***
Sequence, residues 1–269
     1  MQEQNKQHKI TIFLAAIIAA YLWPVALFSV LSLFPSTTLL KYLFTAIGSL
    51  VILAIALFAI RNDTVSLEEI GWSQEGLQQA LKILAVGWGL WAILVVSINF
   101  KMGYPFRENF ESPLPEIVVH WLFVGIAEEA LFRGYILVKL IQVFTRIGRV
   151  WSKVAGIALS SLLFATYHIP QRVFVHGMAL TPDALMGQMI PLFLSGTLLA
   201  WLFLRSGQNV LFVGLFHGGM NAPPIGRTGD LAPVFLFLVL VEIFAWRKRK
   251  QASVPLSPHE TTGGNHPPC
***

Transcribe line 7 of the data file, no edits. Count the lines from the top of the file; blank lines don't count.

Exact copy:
   251  QASVPLSPHE TTGGNHPPC